A researcher has allegedly discovered a zero-day vulnerability in VirtualBox. Though discovering zero-day bugs isn’t anything distinct, what makes this report interesting is that the researcher disclosed the flaw publicly without informing the vendors. So, we may not expect a patch anytime soon.
Zero-Day Vulnerability In VirtualBox
Reportedly, Russian researcher, Sergey Zelenyuk, discovered a security flaw in the Oracle’s VM VirtualBox. As explained, this zero-day vulnerability in VirtualBox can allow an attacker with root access to escape the virtual environment and gain access to the underlying OS.
Zelenyuk shared his findings in a detailed write-up on Github explaining the technicalities of the exploit. He allegedly tested the Intel PRO/1000 MT Desktop (82540EM), that he referred to as VirtualBox E1000. According to his report,
“The E1000 has a vulnerability allowing an attacker with root/administrator privileges in a guest to escape to a host ring3. Then the attacker can use existing techniques to escalate privileges to ring 0 via /dev/vboxdrv.”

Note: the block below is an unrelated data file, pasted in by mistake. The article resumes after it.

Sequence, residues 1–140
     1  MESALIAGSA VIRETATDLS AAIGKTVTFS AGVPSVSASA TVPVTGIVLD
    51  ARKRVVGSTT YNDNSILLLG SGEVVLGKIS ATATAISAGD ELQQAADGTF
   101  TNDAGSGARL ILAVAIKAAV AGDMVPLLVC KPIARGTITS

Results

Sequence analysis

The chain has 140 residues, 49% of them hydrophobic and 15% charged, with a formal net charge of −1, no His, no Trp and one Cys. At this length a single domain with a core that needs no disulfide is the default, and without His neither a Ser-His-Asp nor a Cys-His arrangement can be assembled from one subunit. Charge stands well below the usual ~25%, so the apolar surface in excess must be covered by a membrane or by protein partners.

The researcher confirmed that the vulnerability he found is reliably exploitable.
“The exploit is 100% reliable. It means it either works always or never because of mismatched binaries or other, more subtle reasons I didn’t account. It works at least on Ubuntu 16.04 and 18.04 x86_64 guests with default configuration.”
He has also demonstrated the exploit in a video.
No Responsible Disclosure Followed
As the researcher explained in his report, he did not inform Oracle of the vulnerability before the disclosure. He justified this act by calling it a reaction to his previous bad experience with Oracle. Last year, he found and reported a vulnerability to Oracle that took around 15 months for the vendors to release a fix.
According to his findings, the zero-day affects the VirtualBox 5.2.20 and earlier versions. While Oracle released an update to this software on November 9, 2018, as VirtualBox 5.2.22, it did not mention anything about a possible fix for this zero-day flaw. It means that the vendors still have to release a fix.
Until a patch is available, Zelenyuk recommends some mitigations.
“Until the patched VirtualBox build is out you can change the network card of your virtual machines to PCnet (either of two) or to Paravirtualized Network. If you can’t, change the mode from NAT to another one. The former way is more secure.”
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